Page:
6 Questions Parents Are Asking About COVID-19 Vaccines for Kids
August 19, 2021
In the United States, the Pfizer-BioNTech COVID-19 vaccine has now been authorized by the Food and Drug Administration (FDA) for emergency use in children 12 to 15 years of age. This same vaccination had already been authorized for children aged 16 and older.
While this may be a welcome piece of news for many parents, you may have some questions before you’re ready to sign your child up for an appointment. We connected with experts across Hackensack Meridian Children’s Health to get your questions answered:
How does COVID-19 affect children?
While COVID-19 causes mild illness in most children, some children do have more severe illness requiring hospitalization for treatment of COVID-19 pneumonia and Multisystem Inflammatory Syndrome in Children (MIS-C), which can affect multiple organs, including the heart. Some children can also have “long COVID” with persistent symptoms for months after infection including extreme fatigue, “brain fog”, breathing problems and body aches.
The vaccine can prevent infection and should decrease the risk of all of these problems from COVID-19.
Should my child get the COVID-19 vaccine?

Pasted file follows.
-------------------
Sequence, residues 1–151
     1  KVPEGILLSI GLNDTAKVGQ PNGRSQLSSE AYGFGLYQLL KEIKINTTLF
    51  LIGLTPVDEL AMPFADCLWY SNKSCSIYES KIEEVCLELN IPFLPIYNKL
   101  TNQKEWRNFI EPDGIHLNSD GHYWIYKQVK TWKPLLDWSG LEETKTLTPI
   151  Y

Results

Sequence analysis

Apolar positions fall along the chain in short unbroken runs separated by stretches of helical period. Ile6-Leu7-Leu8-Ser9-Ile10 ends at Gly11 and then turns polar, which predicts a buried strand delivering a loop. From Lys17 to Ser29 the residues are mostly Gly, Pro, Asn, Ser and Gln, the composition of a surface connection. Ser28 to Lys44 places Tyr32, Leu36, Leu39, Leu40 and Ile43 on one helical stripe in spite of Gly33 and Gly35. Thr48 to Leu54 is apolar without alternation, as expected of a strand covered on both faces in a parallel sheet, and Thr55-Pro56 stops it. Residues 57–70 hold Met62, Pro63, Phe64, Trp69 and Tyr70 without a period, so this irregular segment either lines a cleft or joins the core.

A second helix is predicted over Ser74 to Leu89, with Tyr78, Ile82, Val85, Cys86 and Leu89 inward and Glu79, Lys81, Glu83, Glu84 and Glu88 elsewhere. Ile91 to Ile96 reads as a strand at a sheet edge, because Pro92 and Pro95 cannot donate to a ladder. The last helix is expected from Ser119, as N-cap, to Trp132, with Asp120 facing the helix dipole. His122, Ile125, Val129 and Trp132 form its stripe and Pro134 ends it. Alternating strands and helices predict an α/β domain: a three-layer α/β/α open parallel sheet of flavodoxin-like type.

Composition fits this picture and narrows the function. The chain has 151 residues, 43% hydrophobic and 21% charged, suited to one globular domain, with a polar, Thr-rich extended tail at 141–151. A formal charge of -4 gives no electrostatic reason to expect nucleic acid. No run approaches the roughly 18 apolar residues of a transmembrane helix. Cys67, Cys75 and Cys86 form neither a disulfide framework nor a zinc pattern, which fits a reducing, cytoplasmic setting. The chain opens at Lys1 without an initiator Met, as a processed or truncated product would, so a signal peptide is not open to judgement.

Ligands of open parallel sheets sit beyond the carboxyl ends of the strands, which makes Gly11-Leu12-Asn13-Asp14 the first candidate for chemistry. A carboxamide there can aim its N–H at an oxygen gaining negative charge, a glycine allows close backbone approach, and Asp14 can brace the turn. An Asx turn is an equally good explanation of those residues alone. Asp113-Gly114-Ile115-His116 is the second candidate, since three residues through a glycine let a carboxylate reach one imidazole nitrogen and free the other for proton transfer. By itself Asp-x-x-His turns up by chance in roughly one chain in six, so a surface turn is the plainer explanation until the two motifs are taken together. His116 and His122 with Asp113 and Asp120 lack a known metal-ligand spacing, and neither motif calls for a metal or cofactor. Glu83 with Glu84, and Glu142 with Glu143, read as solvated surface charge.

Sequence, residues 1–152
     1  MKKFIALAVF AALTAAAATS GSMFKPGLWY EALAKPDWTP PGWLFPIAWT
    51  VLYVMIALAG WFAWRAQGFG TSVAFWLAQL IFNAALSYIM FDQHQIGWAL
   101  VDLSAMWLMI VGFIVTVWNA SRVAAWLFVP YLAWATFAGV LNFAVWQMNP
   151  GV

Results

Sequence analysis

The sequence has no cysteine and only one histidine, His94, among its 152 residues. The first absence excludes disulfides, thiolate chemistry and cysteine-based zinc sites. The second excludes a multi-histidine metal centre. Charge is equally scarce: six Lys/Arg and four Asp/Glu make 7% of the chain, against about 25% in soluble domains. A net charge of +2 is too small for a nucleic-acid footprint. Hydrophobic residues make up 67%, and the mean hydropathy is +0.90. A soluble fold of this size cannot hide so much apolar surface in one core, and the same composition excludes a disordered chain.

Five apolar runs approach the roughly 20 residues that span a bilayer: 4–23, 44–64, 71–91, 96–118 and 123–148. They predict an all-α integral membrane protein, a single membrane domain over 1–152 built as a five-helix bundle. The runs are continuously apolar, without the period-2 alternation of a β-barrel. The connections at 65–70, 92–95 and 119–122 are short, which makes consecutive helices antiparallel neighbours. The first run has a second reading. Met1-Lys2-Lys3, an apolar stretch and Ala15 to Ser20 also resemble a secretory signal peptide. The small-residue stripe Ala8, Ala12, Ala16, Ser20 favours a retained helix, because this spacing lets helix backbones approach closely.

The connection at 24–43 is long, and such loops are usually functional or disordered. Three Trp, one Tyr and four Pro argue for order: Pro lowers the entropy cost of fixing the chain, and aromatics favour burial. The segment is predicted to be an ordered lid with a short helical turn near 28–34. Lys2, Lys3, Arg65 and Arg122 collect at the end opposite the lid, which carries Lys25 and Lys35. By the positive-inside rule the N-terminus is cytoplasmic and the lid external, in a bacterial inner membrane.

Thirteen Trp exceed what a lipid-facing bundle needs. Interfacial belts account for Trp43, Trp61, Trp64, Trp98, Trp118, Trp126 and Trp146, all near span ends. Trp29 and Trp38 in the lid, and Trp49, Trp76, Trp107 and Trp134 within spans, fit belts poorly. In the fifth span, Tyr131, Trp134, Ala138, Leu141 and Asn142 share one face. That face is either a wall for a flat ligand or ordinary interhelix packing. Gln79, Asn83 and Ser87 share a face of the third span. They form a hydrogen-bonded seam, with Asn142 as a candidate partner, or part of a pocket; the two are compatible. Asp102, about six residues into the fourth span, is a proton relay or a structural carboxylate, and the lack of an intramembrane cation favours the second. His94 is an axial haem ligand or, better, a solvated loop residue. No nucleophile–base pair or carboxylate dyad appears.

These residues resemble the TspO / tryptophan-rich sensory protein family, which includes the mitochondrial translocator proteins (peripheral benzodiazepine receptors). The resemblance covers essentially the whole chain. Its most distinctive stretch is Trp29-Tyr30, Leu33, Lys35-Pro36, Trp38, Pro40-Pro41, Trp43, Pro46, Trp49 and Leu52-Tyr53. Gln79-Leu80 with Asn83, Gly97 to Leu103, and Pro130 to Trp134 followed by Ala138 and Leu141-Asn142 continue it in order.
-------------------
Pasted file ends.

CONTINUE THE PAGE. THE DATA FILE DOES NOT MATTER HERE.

Generally, yes. However, there may be instances where you and your child’s physician make a different determination. After rigorous research, the COVID-19 vaccine for children ages 12 and older is safe and effective. Vaccination, as well as social distancing and masking, will help to make it possible for children to return to school, sports and other activities.
What are the possible side effects of the vaccine in children?
Research has shown that children receiving the vaccine reported similar side effects as adults, including temporary pain at the injection site, fatigue, headaches and less commonly – fever, chills, nausea and joint pain. Side effects typically last 1-3 days and may be more likely after the second dose. Like with adults, the Pfizer-BioNTech vaccine should not be given to anyone with a history of severe allergic reaction to any component of the vaccine.
Should I wait for my child to get the vaccine to ensure there are no long-term side effects?
Though long-term side effects are unknown at this time, they are unlikely to occur. COVID-19 vaccines have been authorized to be distributed to millions of people since December 2020 with no identified long-term side effects.
Which vaccines are currently available for children?
Only the Pfizer-BioNTech vaccination is authorized for children ages 12 years and older.
My child had COVID-19, should they still get the COVID-19 shot?
The CDC recommends vaccination even if you already had the COVID-19 infection because experts do not yet know how long you are protected from getting sick again after recovering from COVID-19. If your child has not experienced recent COVID-19 related symptoms, discuss with their physician when is the best time to schedule the COVID-19 vaccine.
The material provided through HealthU is intended to be used as general information only and should not replace the advice of your physician. Always consult your physician for individual care.
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